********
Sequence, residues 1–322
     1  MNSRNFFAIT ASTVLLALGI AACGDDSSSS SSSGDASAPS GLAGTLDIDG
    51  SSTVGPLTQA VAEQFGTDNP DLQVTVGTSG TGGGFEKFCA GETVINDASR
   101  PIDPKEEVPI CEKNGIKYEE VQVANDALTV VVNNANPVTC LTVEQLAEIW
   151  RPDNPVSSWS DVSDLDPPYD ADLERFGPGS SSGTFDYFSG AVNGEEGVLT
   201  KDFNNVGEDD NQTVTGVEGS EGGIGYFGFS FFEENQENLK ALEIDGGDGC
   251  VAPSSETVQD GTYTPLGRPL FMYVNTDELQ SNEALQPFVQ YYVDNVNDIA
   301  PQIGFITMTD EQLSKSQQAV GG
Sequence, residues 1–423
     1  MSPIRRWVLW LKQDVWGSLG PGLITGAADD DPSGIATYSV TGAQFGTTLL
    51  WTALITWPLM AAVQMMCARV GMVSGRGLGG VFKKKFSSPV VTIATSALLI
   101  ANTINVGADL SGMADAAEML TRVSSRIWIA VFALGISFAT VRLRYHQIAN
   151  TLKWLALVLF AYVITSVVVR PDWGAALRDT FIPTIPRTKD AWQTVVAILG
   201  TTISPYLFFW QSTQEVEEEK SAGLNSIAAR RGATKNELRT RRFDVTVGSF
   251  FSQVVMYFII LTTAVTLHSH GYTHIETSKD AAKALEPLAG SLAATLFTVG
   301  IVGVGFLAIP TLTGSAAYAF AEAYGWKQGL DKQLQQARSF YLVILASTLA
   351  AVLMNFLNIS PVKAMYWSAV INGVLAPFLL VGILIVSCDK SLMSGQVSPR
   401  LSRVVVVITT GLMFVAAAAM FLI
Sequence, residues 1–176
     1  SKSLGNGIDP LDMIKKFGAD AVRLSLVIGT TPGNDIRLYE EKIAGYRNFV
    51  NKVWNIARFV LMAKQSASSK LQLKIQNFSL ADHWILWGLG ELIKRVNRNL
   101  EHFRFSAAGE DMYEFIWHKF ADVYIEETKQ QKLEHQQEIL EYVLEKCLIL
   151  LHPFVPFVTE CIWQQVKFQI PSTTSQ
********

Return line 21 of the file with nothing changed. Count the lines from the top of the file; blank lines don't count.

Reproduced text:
    51  NKVWNIARFV LMAKQSASSK LQLKIQNFSL ADHWILWGLG ELIKRVNRNL